RedLight an efficient illicit image detection application for law enforcement

Sean P Alvarez, University of Rhode Island


Law enforcement investigators manually sort through hundreds of thousands of images when investigating a hard drive for the presence of illicit images. This is error prone, as many items may be missed due to the volume of images investigated. This is also very time-consuming for the investigator, creating backlogs of cases needing to be processed that can stretch for months or even longer. This thesis presents a user friendly application that is immediately available for use by law enforcement that can be used to increase the efficiency of searching suspect storage media for illicit content in both images and video. By using this application, an investigator can process new investigations in a much shorter period of time than can be done manually, allowing for extra time to get caught up on any backlog of cases. The application is approximately 85% accurate at detecting illicit images, and is able to process at least 38 images per second, which is significantly faster than can be done manually. The application is multi-threaded in such a way that processing speed will go up depending on how many processing cores are available in the machine. The application requires less than 30MB of memory to start, allowing it to run on any relatively modern machine. This enables any department or division of law enforcement to use the application without incurring any costs of upgrading or replacing workstations.^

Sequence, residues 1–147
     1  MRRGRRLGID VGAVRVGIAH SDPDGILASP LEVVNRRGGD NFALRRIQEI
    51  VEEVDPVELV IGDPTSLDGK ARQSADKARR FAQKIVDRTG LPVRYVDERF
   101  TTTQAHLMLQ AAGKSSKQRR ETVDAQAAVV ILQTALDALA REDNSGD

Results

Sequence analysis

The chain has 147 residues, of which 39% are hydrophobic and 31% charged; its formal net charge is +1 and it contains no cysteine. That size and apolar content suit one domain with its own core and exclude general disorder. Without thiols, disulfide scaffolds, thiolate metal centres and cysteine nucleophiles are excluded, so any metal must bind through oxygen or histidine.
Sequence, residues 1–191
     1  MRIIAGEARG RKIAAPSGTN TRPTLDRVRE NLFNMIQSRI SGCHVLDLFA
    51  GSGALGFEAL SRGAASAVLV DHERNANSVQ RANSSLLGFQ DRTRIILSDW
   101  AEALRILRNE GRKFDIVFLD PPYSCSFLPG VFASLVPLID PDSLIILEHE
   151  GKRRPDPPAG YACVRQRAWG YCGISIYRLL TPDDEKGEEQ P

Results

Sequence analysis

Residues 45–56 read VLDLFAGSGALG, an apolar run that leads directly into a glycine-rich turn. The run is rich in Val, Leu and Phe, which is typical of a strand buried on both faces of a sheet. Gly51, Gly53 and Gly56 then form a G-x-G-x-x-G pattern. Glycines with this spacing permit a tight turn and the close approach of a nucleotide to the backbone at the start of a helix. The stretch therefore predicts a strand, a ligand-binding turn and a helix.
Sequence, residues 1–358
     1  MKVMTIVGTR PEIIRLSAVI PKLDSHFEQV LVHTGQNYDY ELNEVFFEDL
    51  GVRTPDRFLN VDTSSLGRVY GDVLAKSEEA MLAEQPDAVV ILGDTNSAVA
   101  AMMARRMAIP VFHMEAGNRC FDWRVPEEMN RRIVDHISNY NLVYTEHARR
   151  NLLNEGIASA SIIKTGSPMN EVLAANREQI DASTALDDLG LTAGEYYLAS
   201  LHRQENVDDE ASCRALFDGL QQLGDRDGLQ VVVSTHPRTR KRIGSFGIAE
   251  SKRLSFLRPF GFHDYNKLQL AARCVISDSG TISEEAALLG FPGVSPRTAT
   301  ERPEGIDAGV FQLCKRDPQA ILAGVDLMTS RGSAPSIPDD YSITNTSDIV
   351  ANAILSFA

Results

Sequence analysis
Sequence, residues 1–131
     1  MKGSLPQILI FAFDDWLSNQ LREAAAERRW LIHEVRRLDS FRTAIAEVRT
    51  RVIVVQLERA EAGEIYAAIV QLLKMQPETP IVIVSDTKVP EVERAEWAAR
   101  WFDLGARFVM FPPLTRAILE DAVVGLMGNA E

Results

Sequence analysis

Subject Area

Sociology, Criminology and Penology|Computer Science

Recommended Citation

Sean P Alvarez, "RedLight an efficient illicit image detection application for law enforcement" (2012). Dissertations and Master's Theses (Campus Access). Paper AAI1508309.